Tonight, we get to watch the first round of one of the saddest NFL drafts in recent memory, with teams tripping over each other trying to trade down in a weak year. Even in the good years, success in the college game doesn't always translate to the pros, but some regions and conferences have a reputation for generating NFL-ready talent. Are these reputations earned?
To investigate, I took a look at all 4,057 draft picks dating back to 1997. Player data came from profootballreference.com, but I filled in the conferences myself based on affiliations in the players' final season before their drafts. You can check out the full data here, remember that this analysis is based on the colleges players attended, not where they grew up.
The map at the top shows picks by round and state, adjusted for population and the varying sizes of the rounds. The first round has been extremely concentrated on schools in the Deep South (on a per capita basis), while the later rounds are stronger for the Midwest and show more of a dispersal across the country.
While it's all going to go to hell in the next few years, from 1997-2012 conferences were still generally associated with a specific geographic region. Here are all 4,047 picks broken down by conference affiliation:
No surprise to see the SEC on top, but it's interesting to see just how weak the Big East has been. In terms of overall picks, it was actually closer to C-USA than to the Big 12, and produced 15 percent fewer picks than the FCS (former Division 1-AA), which admittedly has many more teams.
Let's go one step further. Maybe the SEC produces more NFL-ready players, but what "types" of players do conferences specialize in? Below is a chart showing what positions are being drafted out of which conferences:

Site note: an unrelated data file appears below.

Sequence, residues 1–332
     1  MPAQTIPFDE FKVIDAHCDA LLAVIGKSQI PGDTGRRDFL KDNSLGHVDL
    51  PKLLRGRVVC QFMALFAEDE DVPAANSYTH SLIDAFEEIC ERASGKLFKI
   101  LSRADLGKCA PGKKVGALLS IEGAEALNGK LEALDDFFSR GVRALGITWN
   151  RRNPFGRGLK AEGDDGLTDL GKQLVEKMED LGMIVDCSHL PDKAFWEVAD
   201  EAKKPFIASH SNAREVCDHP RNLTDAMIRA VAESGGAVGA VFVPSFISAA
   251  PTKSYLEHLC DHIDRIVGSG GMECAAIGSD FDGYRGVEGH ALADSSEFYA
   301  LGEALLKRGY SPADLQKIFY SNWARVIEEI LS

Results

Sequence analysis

The SEC is a defensive juggernaut, as expected, and in particular produces a disproportionate amount of defensive linemen. The ACC is also a defensive conference, giving the NFL a lot of DLs and linebackers, while the Sun Belt Conference–which has the fewest NFL picks of any FBS conference–produced a staggering proportion of defensive backs.
On the other side of the ball, the Western Athletic Conference (WAC) was a major producer of both offensive linemen and wide receivers, while the Mid-American Conference (MAC)–where defense goes to die–produced a ton of offensive linemen, wide receivers, and QBs. With equally high-scoring basketball, the MACtion is in the running for the most entertaining conference in the country.
Like clockwork, many analysts are picking offensive lineman Eric Fisher out of MAC-member Central Michigan to go first overall this year. Also high on the list: defensive linemen out of the SEC and ACC, and a tight end out of independent Notre Dame. Mock drafts are pretty dumb, though, so you should just watch the damn thing. Or, better yet, read about it tomorrow.